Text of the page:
Self-driving car manufacturers, or SDCMs, are looking to make ownership of autonomous vehicles easier and more affordable for consumers, and they’re taking a rather innovative path in getting there. Insurance. Can you fathom a time when your insurance continually goes down instead of up? It’s hard to fathom, right? However, if SDCMs expand to the car insurance business, this may very well be a reality.
Why Are SDCMs Getting Involved With Vehicle Insurance?
It’s not all altruistic on the manufacturer’s part. Intertwining with insurance helps the manufacturer just as much as the consumer. An adoption barrier exists for usage of self-driving vehicles. This is particularly true when it comes to everyday private drivers and transportation “taxi” vehicles.
Insurers may not offer insurances for autonomous vehicles at all or price it at unaffordable levels. After all, since autonomous vehicles aren’t on the market yet, there’s no statistical data on accidents, injuries, and fatalities for the insurer to even base pricing upon. This means they’ll likely rollout coverage at the highest price point possible to cover themselves, and that’s a big deterrent for any buyer and a big problem for any manufacturer.
The good news is that SDCMs will have their own data centers concerning statistics on accidents, injuries, fatalities, and even near misses in relation to their own line of self-driving vehicles. They’ll be able to collect and analyze this information at any given time and generate more appropriate auto insurance quotes for their own automated vehicles. By being both the seller and mandatory protection source of the good, SDCMs will knockdown the insurance barrier of availability and affordability for both their own interests and those of the consumer.
2. Build Consumer Confidence
While self-driving vehicles have long made appearances in movies and books, they’ve yet to be tested out in real life by consumers. Buyers simply have no idea what to expect nor if autonomous vehicles are a safe and reliable investment. What better way for a manufacturer to say their confident in their product than to insure it themselves?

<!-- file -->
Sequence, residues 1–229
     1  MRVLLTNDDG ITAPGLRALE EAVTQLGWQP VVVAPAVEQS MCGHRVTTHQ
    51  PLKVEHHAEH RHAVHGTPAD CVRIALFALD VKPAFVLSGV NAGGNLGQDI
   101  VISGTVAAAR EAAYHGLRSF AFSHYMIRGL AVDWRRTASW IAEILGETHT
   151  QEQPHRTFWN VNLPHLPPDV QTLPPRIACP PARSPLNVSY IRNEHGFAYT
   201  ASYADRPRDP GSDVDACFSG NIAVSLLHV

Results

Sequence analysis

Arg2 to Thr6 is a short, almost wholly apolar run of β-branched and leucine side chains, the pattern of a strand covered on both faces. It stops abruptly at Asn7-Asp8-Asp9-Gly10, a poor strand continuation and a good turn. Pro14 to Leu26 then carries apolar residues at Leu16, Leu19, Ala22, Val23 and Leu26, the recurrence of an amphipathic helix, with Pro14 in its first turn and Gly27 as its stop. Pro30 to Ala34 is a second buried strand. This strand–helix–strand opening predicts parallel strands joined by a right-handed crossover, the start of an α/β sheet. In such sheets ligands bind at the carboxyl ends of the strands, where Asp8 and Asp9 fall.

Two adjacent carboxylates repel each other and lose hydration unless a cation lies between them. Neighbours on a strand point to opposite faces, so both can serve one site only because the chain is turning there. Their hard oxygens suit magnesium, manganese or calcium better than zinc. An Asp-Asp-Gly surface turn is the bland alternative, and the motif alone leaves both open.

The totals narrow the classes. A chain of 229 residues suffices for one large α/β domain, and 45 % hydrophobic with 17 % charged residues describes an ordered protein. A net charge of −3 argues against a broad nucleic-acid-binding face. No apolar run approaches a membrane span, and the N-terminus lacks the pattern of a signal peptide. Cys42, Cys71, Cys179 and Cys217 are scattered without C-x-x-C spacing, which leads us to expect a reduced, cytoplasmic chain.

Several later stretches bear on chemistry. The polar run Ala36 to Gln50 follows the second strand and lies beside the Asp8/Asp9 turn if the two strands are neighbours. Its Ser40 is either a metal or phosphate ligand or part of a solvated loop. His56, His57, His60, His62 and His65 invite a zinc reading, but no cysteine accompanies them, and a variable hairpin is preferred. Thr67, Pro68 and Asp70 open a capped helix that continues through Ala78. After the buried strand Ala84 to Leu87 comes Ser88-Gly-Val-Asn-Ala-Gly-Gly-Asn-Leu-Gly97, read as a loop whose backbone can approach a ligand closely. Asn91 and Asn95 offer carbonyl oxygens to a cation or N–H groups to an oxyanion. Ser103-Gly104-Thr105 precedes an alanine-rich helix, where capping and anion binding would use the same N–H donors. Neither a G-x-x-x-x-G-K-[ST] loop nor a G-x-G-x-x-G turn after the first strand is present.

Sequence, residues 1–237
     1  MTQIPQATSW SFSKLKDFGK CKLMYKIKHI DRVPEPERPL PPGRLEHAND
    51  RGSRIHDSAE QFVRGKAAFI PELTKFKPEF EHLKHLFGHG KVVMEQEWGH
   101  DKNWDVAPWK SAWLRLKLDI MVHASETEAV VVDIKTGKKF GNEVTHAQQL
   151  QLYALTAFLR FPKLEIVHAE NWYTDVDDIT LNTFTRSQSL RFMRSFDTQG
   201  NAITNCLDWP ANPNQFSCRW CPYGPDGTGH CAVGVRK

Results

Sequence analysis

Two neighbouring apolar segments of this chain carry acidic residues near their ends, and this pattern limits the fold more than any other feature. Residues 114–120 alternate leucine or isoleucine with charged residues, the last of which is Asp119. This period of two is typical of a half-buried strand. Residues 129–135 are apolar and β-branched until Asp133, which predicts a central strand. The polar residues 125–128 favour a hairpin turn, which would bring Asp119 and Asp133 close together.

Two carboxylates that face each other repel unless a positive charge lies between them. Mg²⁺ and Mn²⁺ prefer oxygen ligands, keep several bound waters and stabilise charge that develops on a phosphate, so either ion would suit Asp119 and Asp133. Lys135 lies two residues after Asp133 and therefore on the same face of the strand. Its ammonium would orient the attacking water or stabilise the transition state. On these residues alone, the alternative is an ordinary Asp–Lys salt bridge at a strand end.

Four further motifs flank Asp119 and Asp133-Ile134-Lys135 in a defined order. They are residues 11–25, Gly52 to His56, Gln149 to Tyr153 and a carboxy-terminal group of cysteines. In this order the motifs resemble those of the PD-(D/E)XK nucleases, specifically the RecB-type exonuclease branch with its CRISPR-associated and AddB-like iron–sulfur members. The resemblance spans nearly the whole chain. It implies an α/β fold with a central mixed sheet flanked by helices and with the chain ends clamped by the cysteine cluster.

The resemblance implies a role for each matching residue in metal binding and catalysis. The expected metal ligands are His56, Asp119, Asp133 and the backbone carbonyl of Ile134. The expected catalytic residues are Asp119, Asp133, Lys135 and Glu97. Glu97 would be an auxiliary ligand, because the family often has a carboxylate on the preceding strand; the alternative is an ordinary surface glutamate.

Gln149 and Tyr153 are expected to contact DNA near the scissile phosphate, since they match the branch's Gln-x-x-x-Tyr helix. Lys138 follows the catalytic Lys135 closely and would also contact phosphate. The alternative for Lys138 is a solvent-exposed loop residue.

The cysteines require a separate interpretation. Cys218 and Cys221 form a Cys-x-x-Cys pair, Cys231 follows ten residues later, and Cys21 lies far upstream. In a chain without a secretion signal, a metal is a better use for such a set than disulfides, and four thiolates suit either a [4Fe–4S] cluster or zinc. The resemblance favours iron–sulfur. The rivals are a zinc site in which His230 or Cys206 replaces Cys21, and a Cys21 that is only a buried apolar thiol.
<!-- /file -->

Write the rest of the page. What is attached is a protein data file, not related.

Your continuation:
3. Enhanced Consumer Car-Buying Experience
Few, if any, delight in the thought of shopping for the best auto insurance quotes. With SDCMs offering insurance at purchase, the consumer can completely skip the middleman insurer and the entire painstaking insurance search and comparison process. Insurance would be available immediately at purchase and help offset the total cost of the vehicle, too.
4. Unified Pricing
The entire insurance process will be greatly simplified for self-driving vehicles. Most insurance pricing revolves around caveats of the driver – driving record, age, gender, and so forth. Adjustments are made for probability of human error, too. With autonomous vehicles, however, insurance will not have those revolving doors of ifs. Pricing will simply be based on the vehicle itself, or rather based on the software and hardware installed.
If the technology is the same in a given self-driving vehicle, then the price of insurance will be the same whether it’s senior with a few accidents on their record, a newbie driver with no experience, or a businessman logging hundreds of miles each day.
5. Drives Insurance Prices And Liabilities Down
Autonomous cars can be commercialized after SDCM’s prove that they’re safer than cars driven by humans, which will then enable SDCM data banks to determine precise probabilities for accidents and the resulting costs.
Did you know that IBISWorld reported that auto insurance was a $259 billion dollar industry in 2017? To put into perspective just what a huge marketplace that is, the entire U.S pharmaceutical industry was valued at $446 billion in 2016.
Insurance costs will drastically decline with SDCMs focused on accident prevention and offering insurance prices based on real-time accident and fatality data. This should simultaneously expand the market and make car ownership more affordable for everyday consumers.
The insurance reduction in cost shouldn’t just be a one-and-done situation, either. Consumers should see continued drops in insurance pricing as car manufacturers and software vendors publish updates and releases to the safety of the self-driving vehicles.
As Beth Buczynski pointed out in her article “With Self-Driving Cars, Auto Insurance’s Time Is Limited,” it’s also important to note that liability will also be altered by self-driving cars on the road. The shift in liability will be from human drivers to the companies utilizing the vehicles for taxi services and the SCDMs making and insuring them.
In closing, SCDMs branching off into the insurance market is a win-win for both manufactures and consumers, and it could be just the solution to help get mass autonomous vehicles on the streets sooner rather than later.
About the Author
Danielle Miller is Personal Lines Representative at New Jersey Manufacturers Insurance Companies. Danielle assists with questions about auto policies, including billing questions & policy.changes.